Micro-Origami and Micromirrors
Researchers in Japan have created tiny hinged micromirrors, fractions
of a millimeter across, that lift themselves up into place during fabrication.
The key to the micro-origami technique is to manufacture hinges out
of a pair of material layers with slightly different atomic spacings.
This lattice mismatch causes a stress that in turn bends the hinge and,
in this case, raises a mirror above the substrate. The effect is reminiscent
of the bimetallic strips in some thermostats, which consist of bonded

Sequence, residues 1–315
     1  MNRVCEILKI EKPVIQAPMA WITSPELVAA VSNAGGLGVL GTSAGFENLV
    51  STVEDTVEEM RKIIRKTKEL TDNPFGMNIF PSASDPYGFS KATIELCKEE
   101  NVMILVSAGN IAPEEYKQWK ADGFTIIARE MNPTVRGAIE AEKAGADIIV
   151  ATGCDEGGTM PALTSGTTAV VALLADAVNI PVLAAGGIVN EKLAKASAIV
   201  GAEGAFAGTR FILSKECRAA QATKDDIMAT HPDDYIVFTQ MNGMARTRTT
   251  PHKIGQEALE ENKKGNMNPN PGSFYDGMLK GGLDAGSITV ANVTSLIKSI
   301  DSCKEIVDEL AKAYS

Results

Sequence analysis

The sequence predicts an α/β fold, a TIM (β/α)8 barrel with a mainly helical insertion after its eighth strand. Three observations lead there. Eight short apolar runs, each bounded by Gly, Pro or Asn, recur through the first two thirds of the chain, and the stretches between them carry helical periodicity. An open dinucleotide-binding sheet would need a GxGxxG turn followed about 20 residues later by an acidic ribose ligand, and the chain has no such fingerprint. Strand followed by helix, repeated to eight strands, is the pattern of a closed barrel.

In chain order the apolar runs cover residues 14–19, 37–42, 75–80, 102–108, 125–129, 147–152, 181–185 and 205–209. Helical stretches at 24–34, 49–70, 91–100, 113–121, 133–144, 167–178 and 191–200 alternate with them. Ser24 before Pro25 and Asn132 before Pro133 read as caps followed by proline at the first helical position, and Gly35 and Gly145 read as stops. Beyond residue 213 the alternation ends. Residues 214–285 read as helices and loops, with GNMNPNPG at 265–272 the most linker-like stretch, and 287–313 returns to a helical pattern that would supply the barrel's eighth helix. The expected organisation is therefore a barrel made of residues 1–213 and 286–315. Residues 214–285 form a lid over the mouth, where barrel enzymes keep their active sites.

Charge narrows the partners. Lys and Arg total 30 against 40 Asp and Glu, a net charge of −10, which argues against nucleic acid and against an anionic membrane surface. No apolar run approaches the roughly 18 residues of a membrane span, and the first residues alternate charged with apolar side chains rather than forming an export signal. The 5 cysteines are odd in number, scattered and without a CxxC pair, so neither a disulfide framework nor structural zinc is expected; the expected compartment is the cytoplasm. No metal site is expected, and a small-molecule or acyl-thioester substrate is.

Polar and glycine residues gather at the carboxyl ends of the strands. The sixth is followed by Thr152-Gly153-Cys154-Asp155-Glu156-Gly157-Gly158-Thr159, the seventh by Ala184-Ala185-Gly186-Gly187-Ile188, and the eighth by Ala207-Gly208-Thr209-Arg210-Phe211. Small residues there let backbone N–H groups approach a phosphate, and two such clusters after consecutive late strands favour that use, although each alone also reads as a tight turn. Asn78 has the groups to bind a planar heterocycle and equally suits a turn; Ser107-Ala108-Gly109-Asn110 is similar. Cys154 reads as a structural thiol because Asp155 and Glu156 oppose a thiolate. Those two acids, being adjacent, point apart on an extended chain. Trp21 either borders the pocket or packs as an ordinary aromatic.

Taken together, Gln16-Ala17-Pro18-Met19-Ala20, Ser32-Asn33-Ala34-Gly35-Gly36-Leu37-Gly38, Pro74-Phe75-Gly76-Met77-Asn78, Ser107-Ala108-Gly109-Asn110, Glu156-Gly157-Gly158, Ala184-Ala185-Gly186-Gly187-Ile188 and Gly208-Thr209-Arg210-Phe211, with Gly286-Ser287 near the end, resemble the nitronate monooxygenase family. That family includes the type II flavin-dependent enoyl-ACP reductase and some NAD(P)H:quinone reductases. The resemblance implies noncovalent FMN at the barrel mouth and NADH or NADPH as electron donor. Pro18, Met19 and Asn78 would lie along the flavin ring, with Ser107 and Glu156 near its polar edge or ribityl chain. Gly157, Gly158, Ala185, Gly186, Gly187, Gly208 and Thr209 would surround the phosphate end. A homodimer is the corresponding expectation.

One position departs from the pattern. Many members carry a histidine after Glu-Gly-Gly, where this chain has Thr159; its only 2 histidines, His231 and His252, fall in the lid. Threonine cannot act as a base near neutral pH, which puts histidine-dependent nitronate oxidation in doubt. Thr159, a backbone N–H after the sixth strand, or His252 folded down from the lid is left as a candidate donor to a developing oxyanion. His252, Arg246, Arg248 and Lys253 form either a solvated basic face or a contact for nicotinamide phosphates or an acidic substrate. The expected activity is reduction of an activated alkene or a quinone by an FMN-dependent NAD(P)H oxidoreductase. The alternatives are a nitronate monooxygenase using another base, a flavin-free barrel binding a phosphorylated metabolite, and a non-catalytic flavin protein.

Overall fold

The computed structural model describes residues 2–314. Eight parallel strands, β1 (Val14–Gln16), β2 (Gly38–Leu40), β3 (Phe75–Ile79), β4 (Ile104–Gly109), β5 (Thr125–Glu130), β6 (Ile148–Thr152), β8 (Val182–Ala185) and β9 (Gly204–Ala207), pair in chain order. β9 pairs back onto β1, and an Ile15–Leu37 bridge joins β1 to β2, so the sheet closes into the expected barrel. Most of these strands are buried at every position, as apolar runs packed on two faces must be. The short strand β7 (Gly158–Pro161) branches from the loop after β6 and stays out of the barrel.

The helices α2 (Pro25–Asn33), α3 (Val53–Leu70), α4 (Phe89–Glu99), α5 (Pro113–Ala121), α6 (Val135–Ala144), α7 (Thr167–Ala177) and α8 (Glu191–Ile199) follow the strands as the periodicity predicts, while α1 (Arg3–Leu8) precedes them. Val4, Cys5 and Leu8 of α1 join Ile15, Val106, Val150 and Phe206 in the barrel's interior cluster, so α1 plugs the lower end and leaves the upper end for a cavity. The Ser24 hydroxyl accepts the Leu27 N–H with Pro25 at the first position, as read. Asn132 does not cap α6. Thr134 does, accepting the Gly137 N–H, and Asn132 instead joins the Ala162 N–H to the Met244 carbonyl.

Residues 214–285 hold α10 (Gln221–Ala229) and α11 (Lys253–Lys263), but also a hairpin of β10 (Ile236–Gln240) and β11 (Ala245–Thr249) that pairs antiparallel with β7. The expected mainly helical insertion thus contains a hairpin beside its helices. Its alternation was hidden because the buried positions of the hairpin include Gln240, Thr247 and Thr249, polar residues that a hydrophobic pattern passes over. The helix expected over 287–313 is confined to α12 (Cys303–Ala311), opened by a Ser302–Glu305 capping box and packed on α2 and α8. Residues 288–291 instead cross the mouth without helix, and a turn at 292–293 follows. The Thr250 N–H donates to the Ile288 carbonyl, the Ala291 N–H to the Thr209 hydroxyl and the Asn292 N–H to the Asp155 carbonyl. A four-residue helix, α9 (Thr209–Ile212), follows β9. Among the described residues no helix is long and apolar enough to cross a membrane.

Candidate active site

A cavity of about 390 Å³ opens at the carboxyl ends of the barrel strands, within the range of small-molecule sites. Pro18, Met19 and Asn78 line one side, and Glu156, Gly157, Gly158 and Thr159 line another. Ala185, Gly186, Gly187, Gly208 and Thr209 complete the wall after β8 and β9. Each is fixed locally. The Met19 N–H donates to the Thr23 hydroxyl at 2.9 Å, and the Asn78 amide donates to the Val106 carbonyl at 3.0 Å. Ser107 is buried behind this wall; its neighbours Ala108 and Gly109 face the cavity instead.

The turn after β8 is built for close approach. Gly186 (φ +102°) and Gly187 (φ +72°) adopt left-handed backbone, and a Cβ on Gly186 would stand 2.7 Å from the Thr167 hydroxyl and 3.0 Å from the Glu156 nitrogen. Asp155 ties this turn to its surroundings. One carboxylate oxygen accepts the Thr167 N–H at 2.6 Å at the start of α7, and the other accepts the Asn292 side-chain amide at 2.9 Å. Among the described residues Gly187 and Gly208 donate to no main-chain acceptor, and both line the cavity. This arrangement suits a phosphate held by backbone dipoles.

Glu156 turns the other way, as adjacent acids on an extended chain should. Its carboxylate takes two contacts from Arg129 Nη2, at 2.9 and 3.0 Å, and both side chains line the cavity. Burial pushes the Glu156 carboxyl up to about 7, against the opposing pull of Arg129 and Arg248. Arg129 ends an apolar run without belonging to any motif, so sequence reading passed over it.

layers of metals that expand at different rates when heated, leading
to stresses that bend the strips as temperatures change.
Potentially, the micro-origami mirror could lead to optical MEMS switches
or other small devices that automatically pop into place without human
or mechanical intervention, dramatically speeding and simplifying construction
of miniature machines.
Reported by: J.
M. Z. Ocampo et al., Applied Physics Letters, 3 November
Physics News Update